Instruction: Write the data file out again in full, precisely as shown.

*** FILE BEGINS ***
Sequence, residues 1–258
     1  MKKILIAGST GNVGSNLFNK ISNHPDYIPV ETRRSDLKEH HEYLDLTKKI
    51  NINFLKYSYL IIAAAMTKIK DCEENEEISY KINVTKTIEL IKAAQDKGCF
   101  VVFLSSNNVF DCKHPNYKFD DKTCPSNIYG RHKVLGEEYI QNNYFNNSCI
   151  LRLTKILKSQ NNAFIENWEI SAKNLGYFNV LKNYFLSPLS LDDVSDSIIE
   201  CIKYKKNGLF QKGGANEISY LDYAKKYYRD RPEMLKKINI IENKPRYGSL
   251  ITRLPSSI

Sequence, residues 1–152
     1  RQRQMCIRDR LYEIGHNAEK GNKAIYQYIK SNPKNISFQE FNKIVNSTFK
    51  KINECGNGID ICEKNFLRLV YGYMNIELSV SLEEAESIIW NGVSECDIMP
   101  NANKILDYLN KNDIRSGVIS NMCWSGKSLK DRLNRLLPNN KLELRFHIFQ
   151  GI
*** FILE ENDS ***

Sequence, residues 1–258
     1  MKKILIAGST GNVGSNLFNK ISNHPDYIPV ETRRSDLKEH HEYLDLTKKI
    51  NINFLKYSYL IIAAAMTKIK DCEENEEISY KINVTKTIEL IKAAQDKGCF
   101  VVFLSSNNVF DCKHPNYKFD DKTCPSNIYG RHKVLGEEYI QNNYFNNSCI
   151  LRLTKILKSQ NNAFIENWEI SAKNLGYFNV LKNYFLSPLS LDDVSDSIIE
   201  CIKYKKNGLF QKGGANEISY LDYAKKYYRD RPEMLKKINI IENKPRYGSL
   251  ITRLPSSI

Sequence, residues 1–152
     1  RQRQMCIRDR LYEIGHNAEK GNKAIYQYIK SNPKNISFQE FNKIVNSTFK
    51  KINECGNGID ICEKNFLRLV YGYMNIELSV SLEEAESIIW NGVSECDIMP
   101  NANKILDYLN KNDIRSGVIS NMCWSGKSLK DRLNRLLPNN KLELRFHIFQ
   151  GI